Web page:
Philip Karanja: From Being Paid Sh 500 per Episode at Tahidi High to Earning Sh 9 Million per Movie

by admin

In the vibrant city of Nairobi, where dreams and aspirations intermingle with the bustling pace of life, two young men set out on a path that would eventually lead them to establish one of Kenya’s most successful film production companies – Phil-It Productions.

Philip Karanja and Abel Mutua, once extras on the popular TV show Tahidi High, proved that with unwavering determination and a vision, success could be within reach.

The duo’s journey began with a dream to make it big in the film industry.

Thet started as actors, receiving a meager payment of Sh500 per episode on Tahidi High, but their passion for storytelling went beyond the screen.

“When we joined Tahidi High in 2007, we were extras, the show had begun a year earlier. Citizen TV at the time was relatively new, hence wasn’t making money, so earning Sh500 was a big deal for us. Progressively, when we became part of the main acts, the pay rose to Sh3,000 per episode. By the time I was leaving the show in 2011, we were earning Sh20,000 per episode.”

Philip, with a keen interest in directing, seized every opportunity to learn the intricacies of film production while acting on the show.

His aspirations took a new turn when he watched an action film that left him mesmerized by a particular shot. This pivotal moment solidified his desire to become a film director.

The year was 2007 when Philip and Abel joined the cast of Tahidi High as extras.

Driven by ambition, they both began to pursue roles behind the cameras. A year later, an opportunity arose, and Philip became Tahidi High’s production assistant.

This experience ignited his passion for directing, and he continued to work his way up the ladder, eventually leaving the show in 2014 as both a cast member and director.

The turning point in their careers came when they collaborated on the pilot of the comical series “The Real Househelps of Kawangware.”

The show gained immense popularity and catapulted talented actors like Timothy ‘Njugush’ Kimani and Steven ‘DJ Shiti’ Oduor into the limelight.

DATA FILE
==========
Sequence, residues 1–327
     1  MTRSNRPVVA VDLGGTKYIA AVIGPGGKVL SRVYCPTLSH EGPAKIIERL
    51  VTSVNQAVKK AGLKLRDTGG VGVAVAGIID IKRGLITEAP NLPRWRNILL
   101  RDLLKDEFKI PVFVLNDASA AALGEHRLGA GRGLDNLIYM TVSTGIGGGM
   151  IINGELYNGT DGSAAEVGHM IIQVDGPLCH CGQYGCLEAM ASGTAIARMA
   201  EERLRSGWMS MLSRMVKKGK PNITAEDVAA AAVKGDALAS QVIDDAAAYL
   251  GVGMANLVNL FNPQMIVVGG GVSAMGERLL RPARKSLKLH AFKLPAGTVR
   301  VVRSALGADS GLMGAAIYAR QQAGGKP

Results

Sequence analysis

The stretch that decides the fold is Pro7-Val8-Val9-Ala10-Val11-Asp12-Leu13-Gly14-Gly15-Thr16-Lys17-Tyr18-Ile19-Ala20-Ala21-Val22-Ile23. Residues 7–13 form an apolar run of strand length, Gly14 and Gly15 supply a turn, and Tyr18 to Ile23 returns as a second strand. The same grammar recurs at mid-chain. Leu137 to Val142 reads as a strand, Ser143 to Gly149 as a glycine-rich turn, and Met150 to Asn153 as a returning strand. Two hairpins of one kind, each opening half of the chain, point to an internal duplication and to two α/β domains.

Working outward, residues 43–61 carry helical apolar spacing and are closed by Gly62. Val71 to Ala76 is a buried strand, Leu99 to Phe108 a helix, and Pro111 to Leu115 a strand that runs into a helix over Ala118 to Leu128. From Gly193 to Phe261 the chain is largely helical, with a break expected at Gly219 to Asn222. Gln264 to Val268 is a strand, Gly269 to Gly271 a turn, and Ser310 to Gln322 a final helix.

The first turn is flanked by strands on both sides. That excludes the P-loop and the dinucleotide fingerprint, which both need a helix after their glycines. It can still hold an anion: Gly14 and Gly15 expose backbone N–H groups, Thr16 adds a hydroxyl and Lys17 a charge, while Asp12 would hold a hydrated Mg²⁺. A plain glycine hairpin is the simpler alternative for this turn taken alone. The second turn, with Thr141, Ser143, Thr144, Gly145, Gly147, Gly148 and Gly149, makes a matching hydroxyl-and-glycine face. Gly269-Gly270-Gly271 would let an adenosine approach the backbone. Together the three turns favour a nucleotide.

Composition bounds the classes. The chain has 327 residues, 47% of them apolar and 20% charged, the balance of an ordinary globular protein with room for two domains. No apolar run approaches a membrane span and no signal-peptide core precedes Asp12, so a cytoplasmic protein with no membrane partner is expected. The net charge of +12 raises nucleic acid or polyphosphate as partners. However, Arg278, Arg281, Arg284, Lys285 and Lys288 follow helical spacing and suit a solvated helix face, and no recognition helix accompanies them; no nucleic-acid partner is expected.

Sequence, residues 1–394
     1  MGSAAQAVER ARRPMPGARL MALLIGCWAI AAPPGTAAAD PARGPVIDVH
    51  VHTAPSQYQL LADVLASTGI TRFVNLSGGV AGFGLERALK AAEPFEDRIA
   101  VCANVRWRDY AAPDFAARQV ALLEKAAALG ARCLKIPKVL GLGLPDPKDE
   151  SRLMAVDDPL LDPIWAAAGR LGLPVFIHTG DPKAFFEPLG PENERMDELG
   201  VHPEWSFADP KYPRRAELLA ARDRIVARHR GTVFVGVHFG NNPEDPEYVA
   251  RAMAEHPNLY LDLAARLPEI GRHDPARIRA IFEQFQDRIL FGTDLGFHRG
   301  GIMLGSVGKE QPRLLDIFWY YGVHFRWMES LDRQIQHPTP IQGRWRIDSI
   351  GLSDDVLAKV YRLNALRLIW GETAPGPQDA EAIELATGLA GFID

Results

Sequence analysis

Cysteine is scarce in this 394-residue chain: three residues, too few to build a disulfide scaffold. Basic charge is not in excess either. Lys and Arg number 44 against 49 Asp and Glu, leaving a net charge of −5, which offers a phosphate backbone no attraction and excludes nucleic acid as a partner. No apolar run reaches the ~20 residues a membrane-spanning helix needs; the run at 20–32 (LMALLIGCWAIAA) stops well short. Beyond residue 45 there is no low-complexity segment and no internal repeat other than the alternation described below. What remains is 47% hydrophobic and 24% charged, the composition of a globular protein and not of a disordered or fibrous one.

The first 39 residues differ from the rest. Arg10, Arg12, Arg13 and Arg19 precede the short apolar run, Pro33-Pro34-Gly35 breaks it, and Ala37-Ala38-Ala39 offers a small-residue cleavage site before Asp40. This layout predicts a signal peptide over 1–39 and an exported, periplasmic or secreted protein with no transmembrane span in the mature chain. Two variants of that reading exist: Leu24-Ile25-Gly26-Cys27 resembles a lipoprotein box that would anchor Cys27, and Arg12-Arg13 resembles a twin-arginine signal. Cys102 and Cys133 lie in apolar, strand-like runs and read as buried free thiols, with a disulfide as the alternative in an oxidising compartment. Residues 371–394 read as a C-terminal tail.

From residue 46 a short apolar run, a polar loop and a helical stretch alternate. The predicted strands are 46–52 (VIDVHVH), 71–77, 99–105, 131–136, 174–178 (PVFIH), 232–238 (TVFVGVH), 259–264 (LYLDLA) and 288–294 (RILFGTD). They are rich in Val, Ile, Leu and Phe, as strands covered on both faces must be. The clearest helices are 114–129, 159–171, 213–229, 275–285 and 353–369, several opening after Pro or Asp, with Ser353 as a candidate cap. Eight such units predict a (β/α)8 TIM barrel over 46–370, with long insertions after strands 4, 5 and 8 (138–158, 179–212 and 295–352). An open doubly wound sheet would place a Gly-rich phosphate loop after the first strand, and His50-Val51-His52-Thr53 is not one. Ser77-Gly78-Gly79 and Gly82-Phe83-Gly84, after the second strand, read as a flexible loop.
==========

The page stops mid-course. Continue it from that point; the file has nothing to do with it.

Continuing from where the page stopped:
Despite this success, Phil-It Productions faced numerous challenges, struggling to secure new projects and facing financial hardships.

“2016 was one of our most difficult years, we were shooting a lot of pilot shows for pitches that we weren’t guaranteed would get us a nod. Shooting a single pilot would cost us between Sh300,000 and Sh500,000. Most of our pitches were turned down by every broadcaster in this country and we lost over Sh1 million for around four different pilot concepts,” recalls Phil.

Undeterred by setbacks, Philip and Abel remained resilient and committed to their dream of owning a successful production company.

They continued to finance pilot projects, investing their own money and individual proceeds from “The Real Househelps of Kawangware.” Their perseverance eventually paid off when their show “Sue Na Johnnie” got picked up and premiered on Showmax in 2017.

However, this success came at a cost. Phil-It Productions found themselves in a heap of debt, amounting to Sh3 million. Mismanagement of funds and overpayment to cast and crew members proved to be costly lessons for the budding filmmakers. But, instead of being disheartened, they saw this as an opportunity to learn and grow.

Determined to make their mark in the industry, Philip and Abel sought help from a business strategy consultant, Stanley Gichobi, who helped them transform their company’s approach to profitability.

Gichobi and his team of experts crafted a robust business model that focused on the B2C (Business to Consumer) approach.

They launched their own distribution platform,, offering Kenyan content directly to consumers, breaking the traditional mold of selling to broadcasters.

Their first film, “Grand Little Lie,” was released in October 2021 and proved to be a resounding success, surpassing expectations and breaking even on the production costs.

The launch of “Click Click Bang” further solidified their position as pioneers in the Kenyan film industry.

Within a short span, they managed to make a gross income of Sh9 million from their own platform, with subscribers willing to pay more than the set price, demonstrating the demand for Kenyan content.

With their success, Philip and Abel expanded their vision beyond their own productions. They aspired to make a hub for diverse Kenyan content, offering opportunities to other filmmakers and helping satisfy the growing demand for local stories.

As we fast forward to today, it’s evident that Philip Karanja and Abel Mutua’s journey from struggling actors to film production titans has been nothing short of extraordinary.

Their resilience, determination, and passion for storytelling have shaped them into true trailblazers, redefining the landscape of the Kenyan film industry. With exciting projects in the pipeline and recognition from international platforms like Netflix, the future looks brighter than ever for Phil-It Productions.

Related Posts

Leave a Comment